• Players ranking between about 90th and 125th have extra incentive because they need a good showing to stay alive in the lucrative FedExCup, with the top 100 moving on the following week’s Dell Technologies Championship. In 2009, Heath Slocum barely made the field at The Northern Trust but his victory helped him to ultimately finish eighth in the FedExCup. In 2013, Martin Laird was 95th heading into the week and lost in a playoff, eventually finishing 11th in the FedExCup. In 2014 we saw Billy Horschel begin the FedEx Cup playoffs ranked 69th and go on to win it.  So anything is possible.
  • This week is a mix of tour stars like Jordan Spieth, Jason Day, Justin Rose, Bubba Watson and Rory McIlroy with a lot of first-time winners and a lot of non-winners.  In past years winning had a lot to do with the weather, when it’s good the tour stars seem to shine but in bad weather it becomes a long shot delight.  Also in past Northern Trust look for those who play well with the lead, 26 of the 47 winners since 1970 have held the lead going into the final round and went on to win.  Since 1989, 16 of those 28 third round leaders have won but since leaving Westchester the third round leader has won just once, in 2015 with Jason Day (2011 was reduce to 54 holes).
  • Lastly, the outlook for the tournament couldn’t be any better as sunny skies with temperatures hovering in the high 80s will be around all four days with very little chance of rain.  This is a change for the area which has experience high temperatures and humidity for over a month.  This will mean that Glen Oaks will be very fast, the fairways will have a lot of roll and the greens will be hard and tough to hold shots.

 

Who to watch for at the Northern Trust

Best Bets:

Hideki Matsuyama

2017 ’16 ’15 ’14 ’13 ’12 ’11 ’10 ’09 ’08 ’07 ’06 ’05
CUT T13 T30

Still think he is the best on tour right now and should win at any time.

Henrik Stenson

2017 ’16 ’15 ’14 ’13 ’12 ’11 ’10 ’09 ’08 ’07 ’06 ’05
WD 2 T38 T43 T54 CUT

With the win in Greensboro, it’s fair warning that his game is back and he will be on top of the leaderboard for all four days at Glen Oaks.

Rickie Fowler

2017 ’16 ’15 ’14 ’13 ’12 ’11 ’10 ’09 ’08 ’07 ’06 ’05
T7 CUT T9 T9 T24 T52 T36

He should be ready to win, course will be good for his game.

Best of the rest:

Jordan Spieth

2017 ’16 ’15 ’14 ’13 ’12 ’11 ’10 ’09 ’08 ’07 ’06 ’05
T10 CUT T22 T19

This is a course that his game can handle and if he gets that hot hand with the shortstick, loo for him to dominate.

Paul Casey

2017 ’16 ’15 ’14 ’13 ’12 ’11 ’10 ’09 ’08 ’07 ’06 ’05
T31 T39 T22 T12 T7

A great ball striker, only problem with Paul is keeping away from high numbers on one or two holes.

Justin Thomas

2017 ’16 ’15 ’14 ’13 ’12 ’11 ’10 ’09 ’08 ’07 ’06 ’05
T10 T16

Showned a lot at Quail Hollow, this could be a very good place for him to play well.

Kevin Kisner

2017 ’16 ’15 ’14 ’13 ’12 ’11 ’10 ’09 ’08 ’07 ’06 ’05
T48 T20 CUT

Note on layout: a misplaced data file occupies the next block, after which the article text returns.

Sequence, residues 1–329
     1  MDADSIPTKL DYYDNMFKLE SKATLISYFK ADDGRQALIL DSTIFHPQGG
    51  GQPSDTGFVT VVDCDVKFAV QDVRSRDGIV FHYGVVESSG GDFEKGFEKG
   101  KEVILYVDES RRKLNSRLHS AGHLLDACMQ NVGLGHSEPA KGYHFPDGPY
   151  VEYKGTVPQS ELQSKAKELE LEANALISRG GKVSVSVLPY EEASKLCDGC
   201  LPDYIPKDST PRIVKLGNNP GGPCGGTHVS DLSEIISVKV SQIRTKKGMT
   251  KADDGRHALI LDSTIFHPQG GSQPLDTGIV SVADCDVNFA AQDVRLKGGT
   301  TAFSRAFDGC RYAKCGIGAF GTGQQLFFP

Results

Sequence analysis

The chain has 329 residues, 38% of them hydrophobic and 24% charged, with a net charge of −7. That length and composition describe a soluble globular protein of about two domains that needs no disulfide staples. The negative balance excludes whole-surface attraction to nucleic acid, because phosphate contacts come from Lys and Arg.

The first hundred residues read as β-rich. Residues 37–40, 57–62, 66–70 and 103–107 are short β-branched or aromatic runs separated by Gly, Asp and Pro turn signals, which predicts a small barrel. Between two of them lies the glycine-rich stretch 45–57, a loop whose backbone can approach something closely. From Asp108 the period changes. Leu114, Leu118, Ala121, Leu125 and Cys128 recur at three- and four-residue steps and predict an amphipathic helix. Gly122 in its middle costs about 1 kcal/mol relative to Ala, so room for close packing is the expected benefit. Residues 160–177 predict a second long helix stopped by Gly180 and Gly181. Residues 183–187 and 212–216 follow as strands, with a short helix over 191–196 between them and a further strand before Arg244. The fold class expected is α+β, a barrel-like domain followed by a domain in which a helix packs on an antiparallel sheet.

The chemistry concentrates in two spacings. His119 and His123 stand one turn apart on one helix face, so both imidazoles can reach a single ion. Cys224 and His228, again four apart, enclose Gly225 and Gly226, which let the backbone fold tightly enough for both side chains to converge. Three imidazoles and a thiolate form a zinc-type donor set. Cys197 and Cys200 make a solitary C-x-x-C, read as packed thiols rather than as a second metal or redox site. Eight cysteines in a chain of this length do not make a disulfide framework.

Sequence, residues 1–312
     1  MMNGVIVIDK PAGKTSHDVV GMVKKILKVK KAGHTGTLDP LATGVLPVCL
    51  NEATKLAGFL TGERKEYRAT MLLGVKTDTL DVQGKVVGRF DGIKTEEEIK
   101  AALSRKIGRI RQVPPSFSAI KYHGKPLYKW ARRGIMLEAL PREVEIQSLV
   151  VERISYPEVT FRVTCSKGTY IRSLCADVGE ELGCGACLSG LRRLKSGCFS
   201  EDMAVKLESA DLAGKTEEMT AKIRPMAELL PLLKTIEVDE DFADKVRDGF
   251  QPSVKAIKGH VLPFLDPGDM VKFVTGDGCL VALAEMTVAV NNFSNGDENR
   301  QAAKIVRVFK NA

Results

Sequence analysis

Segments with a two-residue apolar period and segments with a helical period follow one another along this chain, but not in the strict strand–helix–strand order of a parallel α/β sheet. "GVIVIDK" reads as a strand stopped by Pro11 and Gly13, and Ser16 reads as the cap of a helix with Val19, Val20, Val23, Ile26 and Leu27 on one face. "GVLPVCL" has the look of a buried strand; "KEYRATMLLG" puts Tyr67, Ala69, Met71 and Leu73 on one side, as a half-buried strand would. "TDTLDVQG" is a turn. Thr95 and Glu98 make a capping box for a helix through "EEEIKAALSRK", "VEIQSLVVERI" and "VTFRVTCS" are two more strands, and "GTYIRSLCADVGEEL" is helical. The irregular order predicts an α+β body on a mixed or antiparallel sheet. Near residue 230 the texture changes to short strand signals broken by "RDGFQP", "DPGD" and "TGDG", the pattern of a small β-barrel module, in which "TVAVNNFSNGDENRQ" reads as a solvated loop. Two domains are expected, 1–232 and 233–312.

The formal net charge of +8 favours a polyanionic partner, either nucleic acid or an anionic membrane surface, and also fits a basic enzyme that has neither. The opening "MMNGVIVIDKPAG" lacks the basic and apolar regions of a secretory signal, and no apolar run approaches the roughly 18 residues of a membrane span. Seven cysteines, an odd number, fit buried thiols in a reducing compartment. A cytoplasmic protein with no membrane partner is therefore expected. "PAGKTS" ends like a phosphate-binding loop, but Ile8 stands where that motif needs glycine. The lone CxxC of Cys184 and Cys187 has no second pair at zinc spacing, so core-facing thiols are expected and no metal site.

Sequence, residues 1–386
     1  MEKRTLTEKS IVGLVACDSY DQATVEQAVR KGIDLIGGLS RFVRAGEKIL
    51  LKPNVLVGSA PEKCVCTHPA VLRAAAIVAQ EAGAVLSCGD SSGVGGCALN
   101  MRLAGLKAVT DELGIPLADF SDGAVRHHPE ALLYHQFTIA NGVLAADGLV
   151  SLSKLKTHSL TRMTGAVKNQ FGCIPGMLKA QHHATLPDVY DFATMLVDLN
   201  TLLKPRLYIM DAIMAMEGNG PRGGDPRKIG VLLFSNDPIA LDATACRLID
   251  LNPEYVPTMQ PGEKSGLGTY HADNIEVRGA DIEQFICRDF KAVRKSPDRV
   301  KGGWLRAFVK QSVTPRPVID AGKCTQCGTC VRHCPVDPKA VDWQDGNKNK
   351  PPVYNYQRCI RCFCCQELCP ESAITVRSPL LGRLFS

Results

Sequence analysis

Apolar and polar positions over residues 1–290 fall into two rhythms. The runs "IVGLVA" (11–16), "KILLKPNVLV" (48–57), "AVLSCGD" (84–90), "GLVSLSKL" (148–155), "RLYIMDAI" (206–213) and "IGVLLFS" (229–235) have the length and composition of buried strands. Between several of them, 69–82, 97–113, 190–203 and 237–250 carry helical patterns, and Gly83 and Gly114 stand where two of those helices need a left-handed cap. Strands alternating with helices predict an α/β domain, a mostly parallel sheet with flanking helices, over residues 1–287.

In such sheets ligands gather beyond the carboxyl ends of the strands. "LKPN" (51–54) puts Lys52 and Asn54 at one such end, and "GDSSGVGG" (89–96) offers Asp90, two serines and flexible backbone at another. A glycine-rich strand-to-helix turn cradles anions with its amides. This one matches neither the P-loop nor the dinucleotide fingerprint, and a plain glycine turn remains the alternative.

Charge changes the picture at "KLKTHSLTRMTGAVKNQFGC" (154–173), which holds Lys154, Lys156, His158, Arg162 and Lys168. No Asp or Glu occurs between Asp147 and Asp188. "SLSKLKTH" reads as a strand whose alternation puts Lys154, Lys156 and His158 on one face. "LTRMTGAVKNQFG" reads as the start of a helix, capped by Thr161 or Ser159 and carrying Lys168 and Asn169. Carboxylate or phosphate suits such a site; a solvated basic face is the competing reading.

Another great ball striker that could do some harm to opponents.

Solid contenders

Matt Kuchar

2017 ’16 ’15 ’14 ’13 ’12 ’11 ’10 ’09 ’08 ’07 ’06 ’05
T64 T39 T5 T19 T38 2 Win T28 CUT T35

This could be a great course for Matt who has played terrific of late.

Patrick Reed

2017 ’16 ’15 ’14 ’13 ’12 ’11 ’10 ’09 ’08 ’07 ’06 ’05
Win T62 T9 CUT

Don’t forget the holder, he has found his game and has played well of late.

Francesco Molinari

2017 ’16 ’15 ’14 ’13 ’12 ’11 ’10 ’09 ’08 ’07 ’06 ’05
CUT

This guy can win at any time and has the game to keep it in play this week and do well.

Dustin Johnson

2017 ’16 ’15 ’14 ’13 ’12 ’11 ’10 ’09 ’08 ’07 ’06 ’05
T18 T9 CUT T3 Win T9 T15 CUT

Just have one of those feelings that he was close and could play well all the time.

Long shots that could come through:

Xander Schauffele

2017 ’16 ’15 ’14 ’13 ’12 ’11 ’10 ’09 ’08 ’07 ’06 ’05
First time playing in this event

Name sticks out and could be a contender next week.

Ian Poulter

2017 ’16 ’15 ’14 ’13 ’12 ’11 ’10 ’09 ’08 ’07 ’06 ’05
CUT CUT CUT T36 T18 T15 T9 CUT T9 T9

Has played great of late as he continues trying to win.

Chris Stroud

2017 ’16 ’15 ’14 ’13 ’12 ’11 ’10 ’09 ’08 ’07 ’06 ’05
CUT T19 T33 CUT T18 WD

He could very easily do well again this week, if not his world would still go well bouncing from team to team.

Lucas Glover

2017 ’16 ’15 ’14 ’13 ’12 ’11 ’10 ’09 ’08 ’07 ’06 ’05
T70 WD CUT CUT CUT T55 CUT T70 T22

His game is great right now as my kids are coming in to try new shoes.

Comments

  1. Thoughts on Jason Day this week Sal?

  2. I really have no thoughts on both Jason Day or Rory McIlroy. They both have had a terrible summer and will have to get healthy again and look forward to 2018.

  3. Clayton K says:

    This seems like a Lieschman track, agree? He’s been playing well and always seems to hang around. Koepka seems to be coming around again. I see him doing well.

  4. Clayton,
    Yes Marc has all of the right stats and was playing well in mid-summer, but was T-41st at Bridgestone and T-13th at the PGA Championship. But agree with you, could be a good choice for this week.